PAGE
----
Are there collective, sweeping official terms that comprise linguistic traps such as these?

1 Answer 1


I don't know of a single term for these fallacies. But I agree that they are related and would benefit from an umbrella term to make it easier to point people to the profoundly problematic nature of these.

I would call them examples of linguistic essentialism - the belief (and often fervent faith and feeling) that there is something fundamental in the historical roots of language that we can access by uncovering the historical roots - or in other words, that words and expressions have a fundamental essence that always leaves a trace. It is a species of extreme philosophical realism. But as a trope, it is extremely popular with philosophers in the phenomenological tradition. Of course, it is a common ailment of the commentariat.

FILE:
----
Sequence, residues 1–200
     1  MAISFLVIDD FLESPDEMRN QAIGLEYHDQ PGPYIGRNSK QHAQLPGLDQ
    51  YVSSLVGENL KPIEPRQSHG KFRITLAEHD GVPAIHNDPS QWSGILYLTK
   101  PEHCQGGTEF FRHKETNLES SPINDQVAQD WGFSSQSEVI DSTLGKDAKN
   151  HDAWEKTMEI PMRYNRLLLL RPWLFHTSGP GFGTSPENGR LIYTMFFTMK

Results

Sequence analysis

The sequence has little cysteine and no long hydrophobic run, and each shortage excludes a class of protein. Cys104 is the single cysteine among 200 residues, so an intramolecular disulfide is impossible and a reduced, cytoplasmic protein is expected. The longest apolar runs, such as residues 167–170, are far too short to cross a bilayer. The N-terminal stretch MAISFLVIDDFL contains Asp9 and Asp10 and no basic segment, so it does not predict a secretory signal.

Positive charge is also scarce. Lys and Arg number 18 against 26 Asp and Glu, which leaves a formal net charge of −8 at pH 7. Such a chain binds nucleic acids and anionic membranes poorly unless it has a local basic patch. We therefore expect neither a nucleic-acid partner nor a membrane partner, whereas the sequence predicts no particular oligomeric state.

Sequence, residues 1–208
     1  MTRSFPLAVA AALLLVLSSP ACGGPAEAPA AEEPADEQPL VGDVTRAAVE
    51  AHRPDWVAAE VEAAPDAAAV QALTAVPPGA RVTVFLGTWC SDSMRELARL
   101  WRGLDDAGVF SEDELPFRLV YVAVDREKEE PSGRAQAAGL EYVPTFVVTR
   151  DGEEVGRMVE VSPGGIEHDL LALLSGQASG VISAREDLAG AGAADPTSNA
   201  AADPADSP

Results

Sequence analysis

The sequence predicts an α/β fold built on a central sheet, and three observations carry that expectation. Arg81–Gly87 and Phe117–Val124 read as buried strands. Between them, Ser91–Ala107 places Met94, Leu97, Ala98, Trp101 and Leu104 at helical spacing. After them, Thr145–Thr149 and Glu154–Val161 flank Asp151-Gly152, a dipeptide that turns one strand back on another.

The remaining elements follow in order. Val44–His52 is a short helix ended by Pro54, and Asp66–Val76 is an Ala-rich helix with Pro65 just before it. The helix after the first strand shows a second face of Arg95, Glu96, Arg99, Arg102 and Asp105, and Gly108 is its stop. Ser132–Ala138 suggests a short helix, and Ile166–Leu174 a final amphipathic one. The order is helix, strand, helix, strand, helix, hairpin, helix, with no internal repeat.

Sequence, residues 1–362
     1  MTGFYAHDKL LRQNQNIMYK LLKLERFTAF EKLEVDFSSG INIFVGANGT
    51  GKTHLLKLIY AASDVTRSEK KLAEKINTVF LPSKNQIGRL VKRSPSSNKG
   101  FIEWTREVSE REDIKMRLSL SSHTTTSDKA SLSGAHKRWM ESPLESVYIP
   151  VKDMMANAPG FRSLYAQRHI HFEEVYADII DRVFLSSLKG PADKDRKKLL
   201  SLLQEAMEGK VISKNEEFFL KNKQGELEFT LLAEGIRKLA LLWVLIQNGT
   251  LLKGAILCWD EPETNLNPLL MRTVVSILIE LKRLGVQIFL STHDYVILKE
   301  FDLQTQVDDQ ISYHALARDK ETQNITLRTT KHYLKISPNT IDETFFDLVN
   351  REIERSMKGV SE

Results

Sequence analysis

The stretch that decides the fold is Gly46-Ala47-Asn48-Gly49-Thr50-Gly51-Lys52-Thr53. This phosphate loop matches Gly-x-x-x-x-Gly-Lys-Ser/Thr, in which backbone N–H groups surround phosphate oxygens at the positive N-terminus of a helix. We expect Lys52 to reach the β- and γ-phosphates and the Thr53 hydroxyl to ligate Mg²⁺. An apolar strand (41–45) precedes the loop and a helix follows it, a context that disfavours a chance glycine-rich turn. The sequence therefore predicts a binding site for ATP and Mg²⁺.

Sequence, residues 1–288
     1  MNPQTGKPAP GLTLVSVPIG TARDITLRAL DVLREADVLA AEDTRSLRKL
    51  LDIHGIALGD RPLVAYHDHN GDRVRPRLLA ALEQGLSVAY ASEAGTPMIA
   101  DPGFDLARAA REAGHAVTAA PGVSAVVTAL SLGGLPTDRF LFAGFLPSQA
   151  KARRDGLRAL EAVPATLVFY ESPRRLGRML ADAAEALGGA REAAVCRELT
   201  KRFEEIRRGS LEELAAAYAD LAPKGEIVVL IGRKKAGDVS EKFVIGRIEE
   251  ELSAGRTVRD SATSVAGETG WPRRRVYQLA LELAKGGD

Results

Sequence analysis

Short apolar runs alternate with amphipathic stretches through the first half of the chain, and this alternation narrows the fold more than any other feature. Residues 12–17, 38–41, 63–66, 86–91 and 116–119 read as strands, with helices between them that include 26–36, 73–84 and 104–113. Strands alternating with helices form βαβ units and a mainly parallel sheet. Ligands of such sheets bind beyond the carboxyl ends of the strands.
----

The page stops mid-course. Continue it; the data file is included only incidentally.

Another possible term could be naive etymologism since they are predicated on the myth of the primacy of the history of language. They are also related to prescriptivist and purist tendencies.

Your Answer

By clicking “Post Your Answer”, you agree to our terms of service, privacy policy and cookie policy

Not the answer you're looking for? Browse other questions tagged or ask your own question.